Queen's and Ulster Universities are working with police to raise awareness of scams after two international students were conned out of over £100,000.
Both students were contacted by scammers recently, with one transferring £70,000 to a person posing as a Chinese police officer. The second was threatened with prison if they did not transfer £35,000 into an account after getting a call from a fraudster claiming to represent the Chinese Embassy.
Chair of Scamwise NI Partnership, Police Service of Northern Ireland, Superintendent Gerard Pollock, said: "Sadly, this is a new version of a scam we have seen before, where fraudsters pose as police officers or government officials to con people out of money, now the criminals are posing as international police officers and government officials to target international students. The huge sums of money lost by these students are eye-watering but, unfortunately, all the criminals see is their gain.
“I believe other students, both here and elsewhere in the UK, may have received these calls and could have lost substantial amounts of money.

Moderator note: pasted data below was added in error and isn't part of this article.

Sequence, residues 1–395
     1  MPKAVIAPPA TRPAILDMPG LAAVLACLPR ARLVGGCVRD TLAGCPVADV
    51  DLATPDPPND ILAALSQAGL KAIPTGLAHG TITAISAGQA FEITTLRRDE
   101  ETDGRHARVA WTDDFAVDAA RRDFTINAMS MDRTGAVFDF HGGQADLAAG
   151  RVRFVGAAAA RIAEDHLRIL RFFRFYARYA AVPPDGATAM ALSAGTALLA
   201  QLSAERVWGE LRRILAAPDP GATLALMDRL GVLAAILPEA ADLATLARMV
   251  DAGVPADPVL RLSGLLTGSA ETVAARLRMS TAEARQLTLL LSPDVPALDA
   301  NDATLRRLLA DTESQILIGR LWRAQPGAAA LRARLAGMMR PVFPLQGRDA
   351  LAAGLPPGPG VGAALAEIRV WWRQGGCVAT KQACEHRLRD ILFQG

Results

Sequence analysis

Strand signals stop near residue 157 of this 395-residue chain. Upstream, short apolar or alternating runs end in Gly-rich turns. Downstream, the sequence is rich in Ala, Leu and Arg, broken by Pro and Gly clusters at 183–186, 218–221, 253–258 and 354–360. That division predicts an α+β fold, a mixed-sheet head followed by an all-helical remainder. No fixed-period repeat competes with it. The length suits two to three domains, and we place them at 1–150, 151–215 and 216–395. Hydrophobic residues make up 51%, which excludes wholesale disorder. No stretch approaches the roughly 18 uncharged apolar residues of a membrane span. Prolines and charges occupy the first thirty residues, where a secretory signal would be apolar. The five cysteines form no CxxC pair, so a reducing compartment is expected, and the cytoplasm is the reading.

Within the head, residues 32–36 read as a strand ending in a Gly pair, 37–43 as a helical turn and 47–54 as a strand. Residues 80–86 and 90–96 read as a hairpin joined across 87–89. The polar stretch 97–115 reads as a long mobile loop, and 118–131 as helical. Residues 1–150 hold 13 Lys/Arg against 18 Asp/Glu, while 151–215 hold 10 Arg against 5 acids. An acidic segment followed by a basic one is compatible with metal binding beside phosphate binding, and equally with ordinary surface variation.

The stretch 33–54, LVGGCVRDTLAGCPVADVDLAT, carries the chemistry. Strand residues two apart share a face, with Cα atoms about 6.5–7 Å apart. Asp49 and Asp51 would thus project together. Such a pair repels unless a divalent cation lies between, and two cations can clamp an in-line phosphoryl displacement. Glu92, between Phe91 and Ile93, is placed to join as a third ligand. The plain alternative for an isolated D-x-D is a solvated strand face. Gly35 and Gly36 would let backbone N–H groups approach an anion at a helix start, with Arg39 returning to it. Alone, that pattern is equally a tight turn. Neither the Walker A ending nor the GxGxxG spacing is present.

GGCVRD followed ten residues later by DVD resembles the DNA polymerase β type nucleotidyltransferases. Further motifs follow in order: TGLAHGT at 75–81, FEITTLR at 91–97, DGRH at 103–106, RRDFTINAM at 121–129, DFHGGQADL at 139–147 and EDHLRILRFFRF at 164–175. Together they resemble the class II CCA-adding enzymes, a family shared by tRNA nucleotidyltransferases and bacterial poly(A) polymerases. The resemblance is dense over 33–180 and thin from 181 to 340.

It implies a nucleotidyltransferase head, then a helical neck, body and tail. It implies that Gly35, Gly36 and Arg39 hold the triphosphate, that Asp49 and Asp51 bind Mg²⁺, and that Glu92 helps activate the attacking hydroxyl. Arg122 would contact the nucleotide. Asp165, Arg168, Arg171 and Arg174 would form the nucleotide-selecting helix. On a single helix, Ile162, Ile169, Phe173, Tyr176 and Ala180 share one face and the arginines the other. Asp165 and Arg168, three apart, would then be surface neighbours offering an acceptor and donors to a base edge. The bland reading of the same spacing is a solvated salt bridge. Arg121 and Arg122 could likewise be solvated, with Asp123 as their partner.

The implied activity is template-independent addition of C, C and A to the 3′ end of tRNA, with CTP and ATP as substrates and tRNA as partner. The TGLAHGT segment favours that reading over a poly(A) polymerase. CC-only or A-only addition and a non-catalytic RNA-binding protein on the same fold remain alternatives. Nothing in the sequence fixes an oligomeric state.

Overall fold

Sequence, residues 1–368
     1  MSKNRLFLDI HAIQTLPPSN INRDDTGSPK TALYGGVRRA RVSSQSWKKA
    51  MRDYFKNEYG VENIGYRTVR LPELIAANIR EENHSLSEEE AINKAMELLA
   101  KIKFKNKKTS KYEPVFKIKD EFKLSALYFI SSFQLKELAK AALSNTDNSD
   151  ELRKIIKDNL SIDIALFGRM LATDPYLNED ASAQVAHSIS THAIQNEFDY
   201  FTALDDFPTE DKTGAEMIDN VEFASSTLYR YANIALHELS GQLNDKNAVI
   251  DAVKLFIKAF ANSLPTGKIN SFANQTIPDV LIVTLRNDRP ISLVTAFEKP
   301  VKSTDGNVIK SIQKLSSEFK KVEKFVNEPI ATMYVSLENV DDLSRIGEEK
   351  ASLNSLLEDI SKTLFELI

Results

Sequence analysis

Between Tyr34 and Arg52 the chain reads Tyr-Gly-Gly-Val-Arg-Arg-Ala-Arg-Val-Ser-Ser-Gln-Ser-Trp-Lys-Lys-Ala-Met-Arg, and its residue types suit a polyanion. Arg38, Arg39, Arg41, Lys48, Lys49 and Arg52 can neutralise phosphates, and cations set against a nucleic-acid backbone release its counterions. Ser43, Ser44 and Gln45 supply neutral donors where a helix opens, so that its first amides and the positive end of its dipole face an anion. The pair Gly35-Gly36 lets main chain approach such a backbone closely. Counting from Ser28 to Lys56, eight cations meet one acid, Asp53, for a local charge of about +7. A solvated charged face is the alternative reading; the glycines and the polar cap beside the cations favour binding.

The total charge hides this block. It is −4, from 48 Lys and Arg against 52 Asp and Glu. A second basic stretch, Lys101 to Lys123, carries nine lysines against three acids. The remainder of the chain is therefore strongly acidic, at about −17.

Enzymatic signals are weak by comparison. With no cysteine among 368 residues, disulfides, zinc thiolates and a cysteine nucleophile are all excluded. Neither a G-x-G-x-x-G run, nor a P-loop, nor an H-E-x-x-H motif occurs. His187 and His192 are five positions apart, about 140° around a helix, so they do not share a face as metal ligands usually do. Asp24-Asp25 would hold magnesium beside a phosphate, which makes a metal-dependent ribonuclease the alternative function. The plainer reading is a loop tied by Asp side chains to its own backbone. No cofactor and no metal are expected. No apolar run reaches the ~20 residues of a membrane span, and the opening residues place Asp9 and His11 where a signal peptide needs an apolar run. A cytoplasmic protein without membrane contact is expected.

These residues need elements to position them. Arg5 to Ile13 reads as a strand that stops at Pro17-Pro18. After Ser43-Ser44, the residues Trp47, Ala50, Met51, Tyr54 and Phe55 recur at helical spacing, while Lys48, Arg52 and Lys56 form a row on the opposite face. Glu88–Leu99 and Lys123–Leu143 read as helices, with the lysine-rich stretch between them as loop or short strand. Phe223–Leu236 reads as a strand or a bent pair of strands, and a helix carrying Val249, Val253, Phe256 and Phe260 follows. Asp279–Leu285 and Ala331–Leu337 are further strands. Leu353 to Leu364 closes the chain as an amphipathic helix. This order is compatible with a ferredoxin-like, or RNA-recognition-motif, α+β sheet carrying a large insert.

“Scammers will stop at nothing to trick you out of money with these calls, for your loss and their gain. The easiest way to stop it is to apply these five rules: always hang up the call immediately; always delete texts requesting personal information or bank account details; never call the number back; never click on links in text, or respond to unsolicited texts; never ever transfer money to another account. So, it’s important to make clear you should never transfer money to another account having received a call from someone you do not know. Hang up the call.
"If you have been a victim of a scam, report it to police on 101, to your bank immediately, online at www.actionfraud.police.uk or call 0300 123 2040."